The Daily Pennsylvanian is a student-run nonprofit.

Please support us by disabling your ad blocker on our site.


It's not often you see siblings on the same college sports team, but Amina (left) and Jamila (right) Abou El Enin have joined the ranks of Penn women's squash from Egypt.

Credit: Ritin Pachnanda

A powerhouse sibling duo is taking Penn’s women’s squash by storm, as Jamila and Amina Abou El Enin have joined the ranks of high-performing Egyptian squash players pursuing athletic and academic excellence in the Ivy League.

The pair’s dynamic impact at Penn is the latest twist in their long and successful squash career together. The sisters began their athletic journey at an early age and have never played apart from one another. This has given both sisters the chance to compete constantly and push each other to new levels.

“We started at seven,” said sophomore Jamila, the oldest of the two.

“No — she started at six, I started at five,” said freshman Amina. “It was very early. Squash is big in Egypt, everybody loves and supports squash, so it was a very natural process.”

“We started at the same time,” Amina said. “[Jamila] kind of got into stuff first, because she was older, but everything was always together. We were always in the same club.”

The duo drew on Egypt’s national love of squash to inspire their athletic careers.

“There are only two sports that are big in Egypt," Jamila said. “There’s soccer and squash. So here it would be like football and basketball. Like, a lot of people are still more into soccer, but because of how good Egyptians are at squash right now, people are getting more and more into it.”

The pair was drawn to Penn by the promise of a great education and the opportunity to perform at a high level, both as students and as athletes.

“Normally if you want to go pro you don’t really go to university because in Egypt you have to play more than 10 hours a day," Amina said. “You don’t have that time here.”

The sisters agree that in the past, having a professional squash career and getting a high-level education was impossible, but now an increasing number of top Egyptian squash players are making waves in the Ivy League.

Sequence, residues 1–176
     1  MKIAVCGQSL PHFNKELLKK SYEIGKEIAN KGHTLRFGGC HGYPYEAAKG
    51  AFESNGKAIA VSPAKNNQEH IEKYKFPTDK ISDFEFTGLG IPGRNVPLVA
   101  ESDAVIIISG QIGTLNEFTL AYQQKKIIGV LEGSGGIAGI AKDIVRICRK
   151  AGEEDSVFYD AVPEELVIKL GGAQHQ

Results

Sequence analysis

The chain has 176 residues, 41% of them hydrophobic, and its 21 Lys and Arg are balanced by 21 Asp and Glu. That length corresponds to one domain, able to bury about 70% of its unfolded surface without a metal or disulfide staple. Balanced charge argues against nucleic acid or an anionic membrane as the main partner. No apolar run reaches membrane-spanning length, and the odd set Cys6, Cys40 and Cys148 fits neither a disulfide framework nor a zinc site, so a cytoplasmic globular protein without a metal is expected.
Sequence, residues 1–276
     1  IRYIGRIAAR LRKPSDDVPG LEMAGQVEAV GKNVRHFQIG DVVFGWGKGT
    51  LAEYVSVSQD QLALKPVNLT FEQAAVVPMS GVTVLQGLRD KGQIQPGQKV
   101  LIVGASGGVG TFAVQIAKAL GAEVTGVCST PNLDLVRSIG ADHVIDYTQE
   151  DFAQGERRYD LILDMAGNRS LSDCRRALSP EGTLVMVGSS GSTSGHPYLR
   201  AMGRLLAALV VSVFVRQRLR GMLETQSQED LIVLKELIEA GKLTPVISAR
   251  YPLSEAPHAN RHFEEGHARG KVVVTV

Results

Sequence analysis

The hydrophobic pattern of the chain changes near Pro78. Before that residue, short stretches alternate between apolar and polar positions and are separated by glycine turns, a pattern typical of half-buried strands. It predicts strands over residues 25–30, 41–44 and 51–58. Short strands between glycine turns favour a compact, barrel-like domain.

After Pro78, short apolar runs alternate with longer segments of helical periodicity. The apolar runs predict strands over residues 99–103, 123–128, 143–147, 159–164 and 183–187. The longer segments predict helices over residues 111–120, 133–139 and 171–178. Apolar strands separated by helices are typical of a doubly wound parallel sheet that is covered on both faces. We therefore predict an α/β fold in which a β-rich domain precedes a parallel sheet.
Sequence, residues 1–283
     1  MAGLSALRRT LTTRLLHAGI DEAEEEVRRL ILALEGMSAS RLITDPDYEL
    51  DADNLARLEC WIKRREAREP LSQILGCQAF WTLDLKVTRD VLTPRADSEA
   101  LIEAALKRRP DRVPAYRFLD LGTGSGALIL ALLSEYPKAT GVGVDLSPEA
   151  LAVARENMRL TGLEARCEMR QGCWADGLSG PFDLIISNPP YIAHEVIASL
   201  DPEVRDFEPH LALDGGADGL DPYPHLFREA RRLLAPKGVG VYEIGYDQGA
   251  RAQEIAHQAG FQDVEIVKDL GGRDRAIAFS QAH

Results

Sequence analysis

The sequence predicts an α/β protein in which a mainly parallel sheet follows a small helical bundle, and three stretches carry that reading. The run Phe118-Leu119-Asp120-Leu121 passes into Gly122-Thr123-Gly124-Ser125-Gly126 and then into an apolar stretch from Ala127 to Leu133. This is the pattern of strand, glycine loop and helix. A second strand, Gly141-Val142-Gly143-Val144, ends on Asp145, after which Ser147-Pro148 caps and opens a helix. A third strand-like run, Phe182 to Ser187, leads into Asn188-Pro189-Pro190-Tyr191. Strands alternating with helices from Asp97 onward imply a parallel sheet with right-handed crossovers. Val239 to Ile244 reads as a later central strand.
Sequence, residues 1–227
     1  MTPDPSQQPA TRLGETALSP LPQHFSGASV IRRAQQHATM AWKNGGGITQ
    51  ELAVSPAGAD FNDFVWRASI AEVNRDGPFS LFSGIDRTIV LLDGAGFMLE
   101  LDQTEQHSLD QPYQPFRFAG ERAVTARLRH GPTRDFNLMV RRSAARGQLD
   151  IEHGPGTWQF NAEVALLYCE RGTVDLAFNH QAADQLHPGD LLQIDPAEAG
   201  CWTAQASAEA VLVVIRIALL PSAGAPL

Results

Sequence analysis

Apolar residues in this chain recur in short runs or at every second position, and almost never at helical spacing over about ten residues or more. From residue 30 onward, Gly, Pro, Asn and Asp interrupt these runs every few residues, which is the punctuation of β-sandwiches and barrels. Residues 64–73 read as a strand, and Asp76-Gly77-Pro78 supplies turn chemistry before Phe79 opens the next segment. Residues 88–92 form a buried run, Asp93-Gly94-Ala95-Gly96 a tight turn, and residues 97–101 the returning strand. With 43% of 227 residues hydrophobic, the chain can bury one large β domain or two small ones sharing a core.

“In the past few years, people are starting to have this mentality of doing both at the same time. It’s always been like, you go pro or you go to school," Jamila said. “Now, a lot of people are like, come to the U.S., you can do both at the same time. A lot of people say it won’t work, but there are exceptions.”

Jamila was the first to commit to Penn. Amina followed her sister the year after and never really considered other schools, saying that having Jamila nearby was a big part of her decision.

“It was mostly Penn," Amina said. “At the end of the day, you want someone you know and who understands you.”

Both sisters agree that family is something they rely on, and the support they get from one another is a crucial aspect of their lives at Penn.

Credit: Maddie Magee

Jamila describes her experience before her sister Amina enrolled this year.

“It was a different experience last year because I was alone," she said. “It was like, try to manage, try to figure everything out. America is a completely different experience than Egypt. Completely. The American lifestyle is so much faster, in Egypt it’s much more chill.

“Last year [I was] adjusting to things. This year I feel like she’s adjusting but I know what’s happening and I’m here for her.”

With two full years left at Penn for Jamila and three for Amina, the pair is looking forward to chasing the best of both worlds, motivated by each other and a vibrant international community.